In your case, this can be done simply by setting up the activeDendriteNumber as an ordered factor: a categorical predictor that is implicitly assumed to have equal spacing between the levels. In R, that can be accomplished by specifying ordered = TRUE when you set up the factor variable; see the manual page for factor().

You then make sure that activeDendriteNumber is coded with orthogonal polynomials in the regression; that's the default in R for an ordered categorical predictor but might not be in other software. That allows for a direct evaluation of linear, quadratic, cubic (etc., up to what's allowed by the number of category levels) contributions of activeDendriteNumber to the outcome. In R, the command

simpleModel <- lm(response ~ factor(activeDendriteNumber, ordered = TRUE)),

where lm() is the R linear regression function, would do the trick. You ask for summary(simpleModel), and you will get an evaluation of the linear, quadratic, etc contributions to the response. A significant non-linear contribution would mean that you are essentially done if the results are as you have sketched.

To do tests comparing specific situations thereafter, many find the emmeans package helpful, as it provides a coherent system for further processing of many types of models. Here, you would use simpleModel as an input to emmeans; you can also use that package with the more complicated models described below.

You might get away with this analysis, but with small numbers of counts the assumptions of standard linear regression might not hold. Furthermore, this analysis hides a lot of information that might be important for figuring out what's going on: why is there something special about an activeDendriteNumber of 3? At some point you will need to answer that question. To help figure that out, you might want to get deeper into modeling the count data from individual trials.

Modeling individual trial counts:

Try modeling the actual number of counts in each trial, not just differences +/- GABAzine, as a function of the relevant predictors: not just activeDendriteNumber as modeled above as an ordered categorical predictor, but also GABAzine presence (binary predictor, FALSE/TRUE), stimulusSpeed (continuous predictor coding is probably OK with 20 levels), and coherence (seems to be another ordered categorical predictor). Data would be organized in a long format, with each row of data representing a separate trial containing the number of counts and the predictor values in place during the trial.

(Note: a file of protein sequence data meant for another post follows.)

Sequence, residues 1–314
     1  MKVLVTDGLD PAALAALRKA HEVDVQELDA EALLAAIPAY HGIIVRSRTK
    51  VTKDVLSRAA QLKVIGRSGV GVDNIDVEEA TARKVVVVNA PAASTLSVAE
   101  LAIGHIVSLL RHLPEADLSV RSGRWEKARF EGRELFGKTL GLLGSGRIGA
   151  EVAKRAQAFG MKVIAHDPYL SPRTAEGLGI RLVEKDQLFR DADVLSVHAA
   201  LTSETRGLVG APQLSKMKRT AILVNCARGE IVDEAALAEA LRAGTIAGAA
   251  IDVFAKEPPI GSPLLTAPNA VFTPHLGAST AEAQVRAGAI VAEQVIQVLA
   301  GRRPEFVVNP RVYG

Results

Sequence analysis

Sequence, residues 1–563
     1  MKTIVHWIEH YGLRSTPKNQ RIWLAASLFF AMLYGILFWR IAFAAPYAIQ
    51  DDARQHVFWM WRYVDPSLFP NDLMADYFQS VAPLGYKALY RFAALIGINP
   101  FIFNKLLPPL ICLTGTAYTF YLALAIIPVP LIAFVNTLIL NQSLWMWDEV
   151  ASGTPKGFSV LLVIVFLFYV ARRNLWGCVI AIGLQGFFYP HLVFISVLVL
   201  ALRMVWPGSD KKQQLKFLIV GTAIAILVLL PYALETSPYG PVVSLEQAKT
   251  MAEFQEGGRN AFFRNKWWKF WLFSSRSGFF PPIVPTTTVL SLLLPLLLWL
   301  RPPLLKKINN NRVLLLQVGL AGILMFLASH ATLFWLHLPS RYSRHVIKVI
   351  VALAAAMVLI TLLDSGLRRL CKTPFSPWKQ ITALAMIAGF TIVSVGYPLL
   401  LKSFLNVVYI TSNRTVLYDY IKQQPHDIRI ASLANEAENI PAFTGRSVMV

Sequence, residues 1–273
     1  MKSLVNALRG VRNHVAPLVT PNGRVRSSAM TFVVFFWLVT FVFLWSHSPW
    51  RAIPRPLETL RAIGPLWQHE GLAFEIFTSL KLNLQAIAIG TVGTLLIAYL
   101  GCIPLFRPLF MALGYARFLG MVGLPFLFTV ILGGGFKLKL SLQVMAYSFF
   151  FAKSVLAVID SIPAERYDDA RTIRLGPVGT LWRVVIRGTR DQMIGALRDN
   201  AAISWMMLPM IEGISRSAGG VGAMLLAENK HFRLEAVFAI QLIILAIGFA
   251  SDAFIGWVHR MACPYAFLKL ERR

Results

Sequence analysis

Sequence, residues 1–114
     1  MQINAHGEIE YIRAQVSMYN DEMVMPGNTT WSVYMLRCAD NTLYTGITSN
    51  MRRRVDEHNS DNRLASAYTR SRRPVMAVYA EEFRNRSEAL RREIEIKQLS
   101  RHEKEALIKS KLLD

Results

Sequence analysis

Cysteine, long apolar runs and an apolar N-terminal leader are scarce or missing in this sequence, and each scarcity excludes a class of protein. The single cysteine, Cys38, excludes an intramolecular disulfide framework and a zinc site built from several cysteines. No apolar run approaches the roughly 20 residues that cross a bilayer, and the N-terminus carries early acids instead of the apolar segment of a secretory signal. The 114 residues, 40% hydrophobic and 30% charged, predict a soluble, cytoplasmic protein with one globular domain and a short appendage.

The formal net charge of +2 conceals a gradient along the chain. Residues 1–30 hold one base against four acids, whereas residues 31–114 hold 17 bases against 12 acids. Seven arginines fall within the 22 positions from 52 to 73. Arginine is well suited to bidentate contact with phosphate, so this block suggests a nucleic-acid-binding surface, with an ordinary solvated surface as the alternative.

As these are count data with small numbers of counts, you would use a generalized linear model. A generalized linear model estimates regression coefficients for each of a set of predictors like those in standard linear regression, but then links the value of the combined linear predictor to the outcome variable in a way commensurate with the nature of the outcome variable. Unlike standard linear regression there is no closed form for estimating the regression coefficients, so that is done with maximum-likelihood estimation.

In your case, small-valued count data are inherently non-negative and should have a variance related to the number of counts. For example, with Poisson-distributed counts, the mean equals the variance and data are modeled by the Poisson regression flavor af a generalized linear model.

In R, the glm() function with a poisson family setting and its default log link between the linear predictor and outcome counts would be a place to start, in its simplest form:

countModel <- glm(counts ~ gabazine + stimulusSpeed + activeDendriteNumber + coherence, family = poisson(link = "log"))

With the log link the regression coefficients represent differences in expected log counts, thus proportional changes in counts. This simple model might be all you need.

For example, in your plot of the +/- GABAzine count differences versus activeDendriteNumber, might counts with both GABAzine = FALSSE and GABAzine = TRUE be increasing with activeDendriteNumber? If so, then the increasing disinhibition with increasing active dendrites, based on count differences in your plot, might just be the same proportional increase with GABAzine in all cases (except for the case of 3 active dendrites). Then you can focus on whether the situation with 3 active dendrites is specifically due to changes in counts with or without GABAzine.